MC6061 - Services Marketing (2017/18)
|Module specification||Module approved to run in 2017/18|
|Module title||Services Marketing|
|Module level||Honours (06)|
|Credit rating for module||15|
|School||Guildhall School of Business and Law|
|Total study hours||150|
|Running in 2017/18||
The services economy accounts for about three-quarters of GDP and employment in developed economies and it becomes essential for students to have an in-depth understanding of the subject of Services Marketing. In this module students are introduced to a range of services marketing concepts, models, techniques and online activities applicable to service organisations.
The module aims to:
• Provide an understanding of the theoretical foundations and practical application of services marketing in the private and public sectors
• Provide an understanding of contemporary issues in services marketing
• Enhance the transferability of students’ developing marketing competences across organisational, national and sector boundaries
• Develop students’ academic writing and communication skills, including oral presentation
• Promote students’ interpersonal skills, including working with others and encourage self-assessment and reflection
•The role of services in the global economy
- Why services marketing matters? The growth in services marketing
• Fundamentals of services marketing management
• Marketing challenges posed by services; powerful forces that influence services marketing
• Characteristics of services and services encounter: challenges and prospects
• Creating and delivering the service experience and extended marketing mix for services
• Service innovation strategy and process
• Managing new service development (NSD) process, service blueprinting
• Yield management: managing demand and capacity
• Conceptualising and applying the service quality process
• Service failure and recovery
• Managing relationships and building loyalty in service organisations
• Developing services brands
• Internationalising services
• Corporate social responsibility and ethical issues in service organisations
Learning and teaching
The module will be taught over a 15 week period and consist of 1.5 hour lectures and 1.5 hour seminars each week. Students will come to this module both with a developed body of marketing knowledge and in many cases, well-rounded communication skills and the module therefore seeks to broaden students’ understanding of marketing practices and contextualise their knowledge.
Lectures will focus on key issues, concepts and models of services marketing and their application to real life situations. Seminars serve to anchor knowledge imparted in the lectures and provides a forum for a better understanding of lectures through small group discussions, videos, case study/journal article analysis and presentations; where possible guest lecturers from service organisations shall be incorporated in the teaching. Students should individually and/or in their respective teams, prepare all assignments well in advance of the date on which materials will be covered. It is mandatory for students to hand in a completed service diary.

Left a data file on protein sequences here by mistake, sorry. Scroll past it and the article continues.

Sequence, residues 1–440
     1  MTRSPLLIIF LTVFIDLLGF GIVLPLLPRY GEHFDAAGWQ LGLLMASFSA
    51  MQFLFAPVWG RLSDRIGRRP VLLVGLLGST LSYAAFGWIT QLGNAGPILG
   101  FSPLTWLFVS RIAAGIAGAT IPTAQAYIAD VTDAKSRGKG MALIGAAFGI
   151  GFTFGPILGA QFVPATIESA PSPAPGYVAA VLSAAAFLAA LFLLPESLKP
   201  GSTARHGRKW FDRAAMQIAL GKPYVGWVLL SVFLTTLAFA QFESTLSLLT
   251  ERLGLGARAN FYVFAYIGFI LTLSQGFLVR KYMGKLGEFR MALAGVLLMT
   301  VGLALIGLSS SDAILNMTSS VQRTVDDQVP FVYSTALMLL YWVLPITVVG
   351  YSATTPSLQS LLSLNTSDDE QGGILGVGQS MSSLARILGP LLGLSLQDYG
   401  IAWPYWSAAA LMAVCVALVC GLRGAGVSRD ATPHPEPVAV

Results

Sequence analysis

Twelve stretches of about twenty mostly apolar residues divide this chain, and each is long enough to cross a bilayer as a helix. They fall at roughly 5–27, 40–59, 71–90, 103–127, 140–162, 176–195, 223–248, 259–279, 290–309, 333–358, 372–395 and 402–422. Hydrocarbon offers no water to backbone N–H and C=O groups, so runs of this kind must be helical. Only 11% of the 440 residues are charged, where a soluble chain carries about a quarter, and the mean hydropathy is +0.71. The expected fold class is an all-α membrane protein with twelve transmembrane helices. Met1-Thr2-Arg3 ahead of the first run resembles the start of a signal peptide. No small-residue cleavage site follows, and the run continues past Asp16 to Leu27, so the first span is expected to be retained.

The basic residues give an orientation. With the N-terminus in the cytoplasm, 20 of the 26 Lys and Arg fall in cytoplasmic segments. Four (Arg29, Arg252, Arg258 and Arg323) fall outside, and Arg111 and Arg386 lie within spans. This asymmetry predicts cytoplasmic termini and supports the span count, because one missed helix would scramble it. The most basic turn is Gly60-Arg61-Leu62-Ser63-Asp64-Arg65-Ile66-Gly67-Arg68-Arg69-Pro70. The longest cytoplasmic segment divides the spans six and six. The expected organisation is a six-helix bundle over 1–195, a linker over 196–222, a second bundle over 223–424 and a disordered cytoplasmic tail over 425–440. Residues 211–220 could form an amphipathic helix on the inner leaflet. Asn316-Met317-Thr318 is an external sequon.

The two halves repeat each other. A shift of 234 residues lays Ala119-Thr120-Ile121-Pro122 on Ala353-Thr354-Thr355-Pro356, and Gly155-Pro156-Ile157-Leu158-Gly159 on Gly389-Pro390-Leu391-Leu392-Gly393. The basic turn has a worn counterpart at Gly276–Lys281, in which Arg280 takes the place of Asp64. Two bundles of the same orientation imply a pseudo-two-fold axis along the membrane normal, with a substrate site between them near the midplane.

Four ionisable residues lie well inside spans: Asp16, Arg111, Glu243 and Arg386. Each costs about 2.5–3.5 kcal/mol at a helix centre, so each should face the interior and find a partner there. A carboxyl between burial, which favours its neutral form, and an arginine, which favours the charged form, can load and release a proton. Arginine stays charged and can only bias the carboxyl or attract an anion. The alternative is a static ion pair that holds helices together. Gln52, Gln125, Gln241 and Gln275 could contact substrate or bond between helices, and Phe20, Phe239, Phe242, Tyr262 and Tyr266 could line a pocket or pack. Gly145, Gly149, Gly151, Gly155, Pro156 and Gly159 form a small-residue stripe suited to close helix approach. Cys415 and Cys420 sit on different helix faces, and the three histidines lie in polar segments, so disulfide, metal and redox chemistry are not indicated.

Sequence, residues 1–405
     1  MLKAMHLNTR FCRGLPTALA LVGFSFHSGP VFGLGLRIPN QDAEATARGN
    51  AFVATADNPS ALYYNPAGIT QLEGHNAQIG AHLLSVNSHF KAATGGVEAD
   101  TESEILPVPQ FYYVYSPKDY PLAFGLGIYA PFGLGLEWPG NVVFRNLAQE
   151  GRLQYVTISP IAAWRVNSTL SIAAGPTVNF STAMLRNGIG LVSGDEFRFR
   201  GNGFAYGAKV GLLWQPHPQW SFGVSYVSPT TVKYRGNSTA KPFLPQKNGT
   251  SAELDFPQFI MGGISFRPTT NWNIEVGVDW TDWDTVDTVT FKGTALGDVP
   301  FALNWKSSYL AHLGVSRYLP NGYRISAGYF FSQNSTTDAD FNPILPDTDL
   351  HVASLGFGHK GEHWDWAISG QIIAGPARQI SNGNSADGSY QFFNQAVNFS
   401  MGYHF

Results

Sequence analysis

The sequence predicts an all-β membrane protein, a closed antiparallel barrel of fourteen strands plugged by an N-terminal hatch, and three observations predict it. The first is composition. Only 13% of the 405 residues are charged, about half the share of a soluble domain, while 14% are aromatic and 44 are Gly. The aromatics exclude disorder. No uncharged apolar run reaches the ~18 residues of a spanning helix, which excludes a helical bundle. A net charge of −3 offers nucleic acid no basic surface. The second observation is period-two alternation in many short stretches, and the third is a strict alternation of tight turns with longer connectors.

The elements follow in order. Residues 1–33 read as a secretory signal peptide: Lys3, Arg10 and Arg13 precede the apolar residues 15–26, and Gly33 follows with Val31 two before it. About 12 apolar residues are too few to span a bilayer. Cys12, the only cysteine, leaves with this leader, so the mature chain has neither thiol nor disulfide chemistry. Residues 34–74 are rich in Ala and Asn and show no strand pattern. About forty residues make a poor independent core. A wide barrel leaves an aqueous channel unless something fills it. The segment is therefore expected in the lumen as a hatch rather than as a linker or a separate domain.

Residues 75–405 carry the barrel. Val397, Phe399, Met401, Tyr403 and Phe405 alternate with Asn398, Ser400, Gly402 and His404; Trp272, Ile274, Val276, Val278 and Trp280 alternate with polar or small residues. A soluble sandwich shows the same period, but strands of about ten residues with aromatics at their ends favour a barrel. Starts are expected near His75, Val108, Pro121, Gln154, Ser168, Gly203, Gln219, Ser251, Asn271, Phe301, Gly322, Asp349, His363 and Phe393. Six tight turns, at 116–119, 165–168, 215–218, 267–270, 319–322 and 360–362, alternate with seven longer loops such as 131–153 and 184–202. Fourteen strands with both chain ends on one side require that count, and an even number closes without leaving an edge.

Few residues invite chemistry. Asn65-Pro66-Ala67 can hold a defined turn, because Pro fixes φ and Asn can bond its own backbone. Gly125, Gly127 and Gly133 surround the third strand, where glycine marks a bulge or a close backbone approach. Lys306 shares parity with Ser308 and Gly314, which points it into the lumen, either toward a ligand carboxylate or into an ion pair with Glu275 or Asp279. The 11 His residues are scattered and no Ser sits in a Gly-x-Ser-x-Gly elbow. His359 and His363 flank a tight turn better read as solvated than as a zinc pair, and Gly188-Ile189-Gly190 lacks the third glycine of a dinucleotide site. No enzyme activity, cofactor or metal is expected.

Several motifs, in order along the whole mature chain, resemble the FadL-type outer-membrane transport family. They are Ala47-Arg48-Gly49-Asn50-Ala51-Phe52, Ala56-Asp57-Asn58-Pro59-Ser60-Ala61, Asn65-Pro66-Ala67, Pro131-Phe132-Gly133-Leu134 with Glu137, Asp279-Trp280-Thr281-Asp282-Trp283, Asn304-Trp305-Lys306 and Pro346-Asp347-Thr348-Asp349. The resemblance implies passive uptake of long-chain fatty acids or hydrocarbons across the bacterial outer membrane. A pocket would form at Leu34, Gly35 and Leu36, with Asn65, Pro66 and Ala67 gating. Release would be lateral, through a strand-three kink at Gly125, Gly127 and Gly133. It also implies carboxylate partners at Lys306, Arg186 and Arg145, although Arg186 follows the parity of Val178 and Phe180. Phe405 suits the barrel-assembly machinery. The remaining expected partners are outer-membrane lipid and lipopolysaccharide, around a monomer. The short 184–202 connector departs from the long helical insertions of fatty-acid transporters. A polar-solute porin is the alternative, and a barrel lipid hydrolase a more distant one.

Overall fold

The use of WebLearn facilities is central to the delivery of the module handbook, case studies, journal articles, external web links and student feedback. Students will also be encouraged to use blogs and social networking sites such as Facebook and LinkedIn to share their views of recent developments in the of area services marketing.
Activity week 7 will be used to promote creative ideas and activities, e.g. exercise on service encounter/creation and delivery, business games, application of services marketing simulation packages, invitation of guest lecturers from service organisations, creating a platform for business networking and future student employment opportunities.
On successful completion of this module, students will be able to:
1. Identify and apply relevant marketing concepts and models available to service organisations
2. Critically analyse the key factors influencing value creation in service delivery
3. Develop appropriate services marketing strategies, plans and activities to a range of business contexts
4. Research and write a report of marketing practices in a service organisation, with appropriate data gathering and analysis
The module is assessed by two components:-
- A group presentation and supporting materials on a service sector (40% weighting) presented in class in weeks 10-11.
- An individual assignment which will typically include an examination of a case study requiring students to seek, handle and interpret information and to think critically and produce solutions. The work will require the student to communicate effectively by articulating their understanding and ideas on the subject within a defined problem setting (60% weighting). To be handed in by day one of week 15.
The aim of this assessment is to encourage students to examine a sector in the service industry and analyse the service marketing issues affecting one of the organisations in that sector, e.g. Education, Financial services, Leisure, Not for profit/charity, Professional services, Retail, Telecomms, Travel.